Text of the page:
Nonlinear statistical attribution and detection of anthropogenic climate change using a simulated annealing algorithm
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- Walter, A. & Schönwiese, C. Theor Appl Climatol (2003) 76: 1. doi:10.1007/s00704-003-0008-5
¶The climate system can be regarded as a dynamic nonlinear system. Thus, traditional linear statistical methods fail to model the nonlinearities of such a system. These nonlinearities render it necessary to find alternative statistical techniques. Since artificial neural network models (NNM) represent such a nonlinear statistical method their use in analyzing the climate system has been studied for a couple of years now. Most authors use the standard Backpropagation Network (BPN) for their investigations, although this specific model architecture carries a certain risk of over-/ underfitting. Here we use the so called Cauchy Machine (CM) with an implemented Fast Simulated Annealing schedule (FSA) (Szu, 1986) for the purpose of attributing and detecting anthropogenic climate change instead. Under certain conditions the CM-FSA guarantees to find the global minimum of a yet undefined cost function (Geman and Geman, 1986).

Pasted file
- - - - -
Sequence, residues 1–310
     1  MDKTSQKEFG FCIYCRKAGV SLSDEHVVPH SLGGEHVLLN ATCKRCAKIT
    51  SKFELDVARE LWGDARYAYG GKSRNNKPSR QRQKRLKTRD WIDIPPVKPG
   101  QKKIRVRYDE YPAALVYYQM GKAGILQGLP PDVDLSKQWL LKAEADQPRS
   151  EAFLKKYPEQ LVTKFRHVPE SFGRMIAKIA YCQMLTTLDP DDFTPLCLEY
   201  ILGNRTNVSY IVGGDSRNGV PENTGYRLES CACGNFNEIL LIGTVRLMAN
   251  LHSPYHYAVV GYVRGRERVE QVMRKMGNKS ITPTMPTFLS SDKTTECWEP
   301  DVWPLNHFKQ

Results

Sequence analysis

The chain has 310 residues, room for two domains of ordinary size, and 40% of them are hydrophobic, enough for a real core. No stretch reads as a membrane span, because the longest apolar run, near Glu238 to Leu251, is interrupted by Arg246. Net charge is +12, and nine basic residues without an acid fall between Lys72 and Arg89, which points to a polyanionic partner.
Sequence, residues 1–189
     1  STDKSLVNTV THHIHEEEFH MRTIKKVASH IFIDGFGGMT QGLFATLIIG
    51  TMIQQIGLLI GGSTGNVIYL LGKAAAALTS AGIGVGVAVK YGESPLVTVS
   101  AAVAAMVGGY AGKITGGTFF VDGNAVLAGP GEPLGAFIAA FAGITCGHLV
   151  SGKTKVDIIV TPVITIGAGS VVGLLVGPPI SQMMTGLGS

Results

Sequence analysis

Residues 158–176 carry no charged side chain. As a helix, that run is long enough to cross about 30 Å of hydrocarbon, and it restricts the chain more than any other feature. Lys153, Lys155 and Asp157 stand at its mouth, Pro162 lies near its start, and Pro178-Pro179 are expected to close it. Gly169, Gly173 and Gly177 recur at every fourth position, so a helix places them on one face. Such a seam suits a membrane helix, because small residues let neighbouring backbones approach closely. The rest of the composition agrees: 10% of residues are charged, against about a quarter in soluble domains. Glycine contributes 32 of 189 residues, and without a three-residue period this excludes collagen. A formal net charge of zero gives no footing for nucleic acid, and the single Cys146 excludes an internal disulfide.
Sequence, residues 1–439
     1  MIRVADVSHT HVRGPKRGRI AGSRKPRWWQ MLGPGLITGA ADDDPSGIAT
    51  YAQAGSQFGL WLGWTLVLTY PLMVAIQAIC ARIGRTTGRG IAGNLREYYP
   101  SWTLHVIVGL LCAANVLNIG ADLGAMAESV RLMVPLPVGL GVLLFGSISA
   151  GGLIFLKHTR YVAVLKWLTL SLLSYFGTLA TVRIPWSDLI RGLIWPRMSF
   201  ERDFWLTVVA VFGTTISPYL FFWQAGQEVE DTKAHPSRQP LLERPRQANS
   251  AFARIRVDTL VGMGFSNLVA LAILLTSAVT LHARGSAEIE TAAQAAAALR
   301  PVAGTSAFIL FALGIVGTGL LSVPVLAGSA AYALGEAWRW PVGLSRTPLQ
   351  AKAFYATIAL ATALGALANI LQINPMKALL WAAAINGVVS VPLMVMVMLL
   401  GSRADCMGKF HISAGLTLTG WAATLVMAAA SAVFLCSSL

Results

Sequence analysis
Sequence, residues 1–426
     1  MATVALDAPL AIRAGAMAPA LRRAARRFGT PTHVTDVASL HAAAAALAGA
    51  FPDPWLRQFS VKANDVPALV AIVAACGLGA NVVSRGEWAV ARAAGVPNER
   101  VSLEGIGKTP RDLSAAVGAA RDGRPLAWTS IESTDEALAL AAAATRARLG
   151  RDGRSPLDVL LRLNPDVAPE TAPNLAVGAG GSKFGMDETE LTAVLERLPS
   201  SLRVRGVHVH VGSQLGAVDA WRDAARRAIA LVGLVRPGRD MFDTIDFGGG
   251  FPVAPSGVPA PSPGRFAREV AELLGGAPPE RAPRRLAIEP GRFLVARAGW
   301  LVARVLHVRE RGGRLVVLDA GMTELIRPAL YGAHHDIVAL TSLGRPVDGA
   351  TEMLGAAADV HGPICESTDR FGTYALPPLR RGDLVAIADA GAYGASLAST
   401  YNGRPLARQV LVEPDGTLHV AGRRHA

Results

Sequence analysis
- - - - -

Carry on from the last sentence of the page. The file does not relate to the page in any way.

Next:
In addition to potential anthropogenic influences on climate (greenhouse gases (GHG), sulphur dioxide (SO2)) natural influences on near surface air temperature (variations of solar activity, explosive volcanism and the El Niño/Southern Oscillation phenomenon) serve as model inputs. The simulations are carried out on different spatial scales: global and area weighted averages. In addition, a multiple linear regression analysis serves as a linear reference.
It is shown that the adaptive nonlinear CM-FSA algorithm captures the dynamics of the climate system to a great extent. However, free parameters of this specific network architecture have to be optimized subjectively. The quality of the simulations obtained by the CM-FSA algorithm exceeds the results of a multiple linear regression model; the simulation quality on the global scale amounts up to 81% explained variance. Furthermore the combined anthropogenic effect corresponds to the observed increase in temperature Jones et al. (1994), updated by Jones (1999a), for the examined period 1856–1998 on all investigated scales. In accordance to recent findings of physical climate models, the CM-FSA succeeds with the detection of anthropogenic induced climate change on a high significance level. Thus, the CM-FSA algorithm can be regarded as a suitable nonlinear statistical tool for modeling and diagnosing the climate system.
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